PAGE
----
Thanks for all the scouting and scouring you do around Paris to dig these things up for us who live extra-muros. This is another I'd certainly enjoy seeing, hopefully will have time before the end of November to get to the Fondation Cartier. Just did a whole series of photos of graffiti out in Brittany this past week. If there is already some doubt as to whether graffiti is "art" or not, then can photographs of graffiti be considered art ? Hmm... well, at least the photos may have some documentary value if nothing else. I enjoy the creativity behind some graffiti, when it seems inspired, inhabited by some sort of intelligent mind, but vast quantities of graffiti just seem plain boorish and insipid and totally lacking imagination. But I suppose that is purely the result of a society which has produced too many poorly educated, boorish, insipid, unimaginative individuals... perhaps a bit harsh an observation, but unfortunately some element of truth there...

SP said...

Oh no! Sounds really good - I spent last week in Paris and on Sunday it was a toss up between this show and the other part of the Henri Cartier Bresson show at MEP and the Museum of Modern Art. I went with Henri as I'd been to Cartier just a few months ago for the William Eggleston show but sounds like I made the wrong choice! Love your blog posts though, thanks for the extra info.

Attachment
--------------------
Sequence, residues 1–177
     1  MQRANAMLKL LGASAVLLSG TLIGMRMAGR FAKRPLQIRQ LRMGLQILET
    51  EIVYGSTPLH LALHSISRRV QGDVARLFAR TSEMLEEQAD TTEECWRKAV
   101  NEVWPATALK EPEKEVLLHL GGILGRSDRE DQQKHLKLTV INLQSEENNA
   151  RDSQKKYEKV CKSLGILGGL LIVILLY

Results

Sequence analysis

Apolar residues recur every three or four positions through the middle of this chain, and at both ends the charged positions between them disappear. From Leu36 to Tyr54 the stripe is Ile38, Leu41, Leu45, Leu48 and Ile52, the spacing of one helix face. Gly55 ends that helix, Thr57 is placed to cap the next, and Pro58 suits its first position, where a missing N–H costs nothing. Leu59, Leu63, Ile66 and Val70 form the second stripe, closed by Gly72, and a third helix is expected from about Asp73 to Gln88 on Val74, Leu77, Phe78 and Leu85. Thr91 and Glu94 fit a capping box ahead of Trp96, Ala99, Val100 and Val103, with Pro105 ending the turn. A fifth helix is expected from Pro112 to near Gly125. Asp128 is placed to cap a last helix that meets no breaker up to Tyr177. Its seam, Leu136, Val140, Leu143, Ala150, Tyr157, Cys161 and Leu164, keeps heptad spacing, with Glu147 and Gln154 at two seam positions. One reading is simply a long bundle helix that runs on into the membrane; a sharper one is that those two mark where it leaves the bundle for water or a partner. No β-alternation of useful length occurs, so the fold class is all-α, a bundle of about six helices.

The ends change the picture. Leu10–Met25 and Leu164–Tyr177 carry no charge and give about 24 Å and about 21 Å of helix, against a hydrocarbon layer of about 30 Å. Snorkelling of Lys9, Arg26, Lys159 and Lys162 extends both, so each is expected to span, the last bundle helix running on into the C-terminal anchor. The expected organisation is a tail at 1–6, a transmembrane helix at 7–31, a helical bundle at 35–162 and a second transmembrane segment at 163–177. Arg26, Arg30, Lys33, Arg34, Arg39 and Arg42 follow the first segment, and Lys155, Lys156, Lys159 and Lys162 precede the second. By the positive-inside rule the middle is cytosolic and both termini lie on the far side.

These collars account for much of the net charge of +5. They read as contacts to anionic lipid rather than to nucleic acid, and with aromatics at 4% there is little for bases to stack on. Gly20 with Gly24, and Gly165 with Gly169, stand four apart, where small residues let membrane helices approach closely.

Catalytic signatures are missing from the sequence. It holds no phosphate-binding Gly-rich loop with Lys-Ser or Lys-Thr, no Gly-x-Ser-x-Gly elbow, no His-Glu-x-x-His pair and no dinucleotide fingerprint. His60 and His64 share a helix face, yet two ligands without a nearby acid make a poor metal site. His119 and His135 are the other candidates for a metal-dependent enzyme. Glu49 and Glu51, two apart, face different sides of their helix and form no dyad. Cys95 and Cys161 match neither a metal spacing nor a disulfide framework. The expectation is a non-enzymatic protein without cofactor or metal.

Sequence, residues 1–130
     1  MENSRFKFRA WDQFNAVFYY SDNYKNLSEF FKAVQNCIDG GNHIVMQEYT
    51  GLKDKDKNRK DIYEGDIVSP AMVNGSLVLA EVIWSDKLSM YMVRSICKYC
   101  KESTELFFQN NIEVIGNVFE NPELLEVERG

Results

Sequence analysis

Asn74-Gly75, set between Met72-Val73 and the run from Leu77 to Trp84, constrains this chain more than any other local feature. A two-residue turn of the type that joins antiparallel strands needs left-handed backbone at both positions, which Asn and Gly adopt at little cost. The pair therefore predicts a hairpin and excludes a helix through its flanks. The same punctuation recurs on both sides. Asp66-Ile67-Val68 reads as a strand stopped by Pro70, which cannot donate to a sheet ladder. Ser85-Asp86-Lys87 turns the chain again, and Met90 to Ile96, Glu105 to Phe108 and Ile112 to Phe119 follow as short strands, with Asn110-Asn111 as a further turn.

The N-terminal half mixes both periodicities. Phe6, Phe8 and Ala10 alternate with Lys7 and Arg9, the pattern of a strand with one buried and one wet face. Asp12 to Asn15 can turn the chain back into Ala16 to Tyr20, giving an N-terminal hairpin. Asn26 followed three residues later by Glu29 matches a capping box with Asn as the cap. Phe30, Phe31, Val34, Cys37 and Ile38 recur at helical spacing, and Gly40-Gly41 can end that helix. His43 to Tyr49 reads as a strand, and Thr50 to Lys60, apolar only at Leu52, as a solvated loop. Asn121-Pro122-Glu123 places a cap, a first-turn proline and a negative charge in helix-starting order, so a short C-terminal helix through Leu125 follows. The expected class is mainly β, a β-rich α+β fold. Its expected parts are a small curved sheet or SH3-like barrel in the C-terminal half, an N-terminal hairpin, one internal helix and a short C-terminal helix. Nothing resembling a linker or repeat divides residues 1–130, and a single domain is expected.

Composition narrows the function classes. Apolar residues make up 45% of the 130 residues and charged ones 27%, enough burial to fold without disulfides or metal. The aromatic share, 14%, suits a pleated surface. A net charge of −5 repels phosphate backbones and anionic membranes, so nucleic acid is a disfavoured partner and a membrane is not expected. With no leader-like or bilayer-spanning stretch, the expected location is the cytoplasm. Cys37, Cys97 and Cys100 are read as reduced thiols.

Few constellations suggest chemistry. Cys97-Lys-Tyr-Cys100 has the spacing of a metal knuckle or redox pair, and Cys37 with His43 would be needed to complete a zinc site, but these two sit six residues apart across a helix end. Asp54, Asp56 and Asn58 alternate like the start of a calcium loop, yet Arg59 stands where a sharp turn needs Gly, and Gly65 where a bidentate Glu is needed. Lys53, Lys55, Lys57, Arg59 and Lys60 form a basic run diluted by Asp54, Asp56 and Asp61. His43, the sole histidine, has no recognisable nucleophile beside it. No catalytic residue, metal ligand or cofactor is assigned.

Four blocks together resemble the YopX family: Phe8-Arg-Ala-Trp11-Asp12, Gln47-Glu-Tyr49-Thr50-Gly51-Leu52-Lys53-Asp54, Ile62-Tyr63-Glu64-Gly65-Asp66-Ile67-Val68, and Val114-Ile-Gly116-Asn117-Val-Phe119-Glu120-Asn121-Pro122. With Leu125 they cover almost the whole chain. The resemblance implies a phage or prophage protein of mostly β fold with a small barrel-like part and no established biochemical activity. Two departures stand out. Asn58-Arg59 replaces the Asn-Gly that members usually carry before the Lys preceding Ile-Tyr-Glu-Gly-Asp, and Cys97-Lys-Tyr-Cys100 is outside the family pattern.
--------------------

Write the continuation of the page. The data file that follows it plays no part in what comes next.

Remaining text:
Lenox Ave said...

Sounds like an interesting exhibit. I grew up in NYC during the 80's. I remember trains covered in grafitti, to the point of not being able to see outside the windows.

It was a way for poor, disenfranchised black and latino kids to announce that we were alive and had worth and value just like anyone else. The "Tag" was your calling card and a way to be recognized.

I don't think any of us thought about it being art growing up. It was merely a form of self expression for those who had no such outlets otherwise. It could be annoying and a public nuisance. It could also be beautiful and inspired.

It seems that the question of whether it is art or not is being asked by those who have no connection to it anyway.

Anonymous said...

My girlfriend and I took the Street Art walk on Thursday. It was my first time in Paris and my ladies first time visiting this part of Paris. It was great and far enough off the beaten trail that we could just blend into the city. Found some great treasures that just seemed to pop out of the pavement. We followed it up with a trip to the Foundation Cartier, but I was hoping for more history of French graffiti and less on the history leading back to NYC. Nevertheless, thank you for all your research and an excellent guide.

Elizabeth said...
This comment has been removed by the author.
Elizabeth said...

I just happened upon your blog today, and am enjoying catching up in the archives. I have been meaning to write about street art as well. Your walking tour inspired me, so I hope you don't mind that I linked to both it and your blog at http://parisperspective.blogspot.com/2009/09/graffiti-and-space-invaders.html. I hope to be able to do your walking tour soon!